Doug Elkins on the creation of Fraulein Maria and his lifelong love affair with the Von Trapp family

November 12, 2009

Doug Elkins twists ’The Sound of Music’

by Lewis Whittington
EDGE Contributor

Thursday Nov 12, 2009

Choreographer Doug Elkins began his lifelong love affair with the Von Trapp family, when his grandmother took him to see The Sound of Music at the Zeigfield Theatre in the 60s when he was a five. Then he got to play "Re, a drop of golden sun," in kindergarten in a musicalized version of the song "Do, Re, Mi."

Flash-forward to New York City 2006 and Joe’s Pub’s DancemOpolitan where Elkins developed his version of the musical with members of his dance troupe Doug Elkins & Friends.

Due to the response, his dancers and cultish audience convinced him create a full show, which became his Bessie Award winning dance-theater romp Fräulein Maria.

"You want to do WHAT with Maria?"

They are on tour this week at the Annenberg Center in Philly where EDGE talked to Elkins, who reminded us that the show not a parody but a collective cultural memory.

Doug Elkins: Think about it, Maria is a strange outsider who has to leave the Abbey and teaches a family to heal itself and takes on the Nazis through song and dance.

EDGE: How did you get permission from the Rodgers and Hammerstein trust to riff on The Sound of Music?

DE: When I first went to RH representatives, they were at this long table out and they were holding up my proposal like it was a wet diaper. And were asking "You want to do WHAT with Maria?"

I was completely open with them. I told them Rolfe will be played by a 6’4" black diva, and Leisl will be played by an equally pretty man in a pretty dress and there is even a chance that Maria will be played by three people. I encouraged them to attend rehearsals. They thought it was phenomenal, a representative spoke at the Jacob’s Pillow performance about how this was part of Rodgers & Hammerstein legacy.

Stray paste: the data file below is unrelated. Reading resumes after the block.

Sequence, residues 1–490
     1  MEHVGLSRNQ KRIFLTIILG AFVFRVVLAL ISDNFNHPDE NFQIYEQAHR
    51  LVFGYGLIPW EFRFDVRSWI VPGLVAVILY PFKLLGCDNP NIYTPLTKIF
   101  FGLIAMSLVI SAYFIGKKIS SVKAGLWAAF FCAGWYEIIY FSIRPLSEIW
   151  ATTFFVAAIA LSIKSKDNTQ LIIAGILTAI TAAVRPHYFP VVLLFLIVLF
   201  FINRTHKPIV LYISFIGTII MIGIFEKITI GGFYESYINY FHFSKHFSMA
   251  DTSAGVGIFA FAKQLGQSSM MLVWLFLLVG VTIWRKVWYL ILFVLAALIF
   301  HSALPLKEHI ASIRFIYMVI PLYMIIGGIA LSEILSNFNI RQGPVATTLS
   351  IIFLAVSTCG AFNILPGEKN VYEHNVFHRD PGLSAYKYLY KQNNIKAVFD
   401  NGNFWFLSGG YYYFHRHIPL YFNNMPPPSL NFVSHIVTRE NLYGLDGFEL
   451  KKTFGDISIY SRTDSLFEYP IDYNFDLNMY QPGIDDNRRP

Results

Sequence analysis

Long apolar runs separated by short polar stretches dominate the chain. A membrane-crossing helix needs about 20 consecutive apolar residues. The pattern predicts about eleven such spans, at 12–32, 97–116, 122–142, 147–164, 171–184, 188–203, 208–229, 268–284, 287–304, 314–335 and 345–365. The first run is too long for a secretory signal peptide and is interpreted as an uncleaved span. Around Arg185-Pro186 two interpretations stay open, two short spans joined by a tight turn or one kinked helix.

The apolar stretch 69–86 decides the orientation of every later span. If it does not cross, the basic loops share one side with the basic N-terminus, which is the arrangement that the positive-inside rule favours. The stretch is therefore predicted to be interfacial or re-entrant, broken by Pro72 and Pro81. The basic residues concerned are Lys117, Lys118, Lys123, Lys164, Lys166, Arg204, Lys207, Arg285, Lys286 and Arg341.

The choreographer talked about Fräulein Maria’s connection to the infamous NY club dance scene.

DE: I was a guest member at the Willi Ninja’s House of Ninja. I wanted Willi to play the Baroness, but when I asked him he was in the hospital. Willi being Willi said, "I don’t get to be Leisl?"

He passed shortly after that. At his funeral all this wonderful house music from our days in the clubs was playing and it was the most transgender funeral I’ve ever been to.

The house dancers, the queens and the b-boys, fashion people and member of my first company were all there... because they all danced with Willi. It was sad and lovely and beautiful, and all the things that Willi had brought together. I saw the shape of this piece at that funeral.

EDGE: Fräulein Maria is very personal to you on many levels then?

DE: It is dedicated to my mother Rita, who passed away a year before the premiere. And to Willi, the mother of my house. I simply remember my favorite missed things. It is also my wandering personal dance history alluding to everything from the Ted Shawn men to the early female moderns.

Elkins is passing on his favorite things to his own kids. He is a divorced father of two, who is now, with a new partner, raising their two children.

EDGE: Have your children seen Fräulein Maria?

DE: They come to the show and give me give me corrections.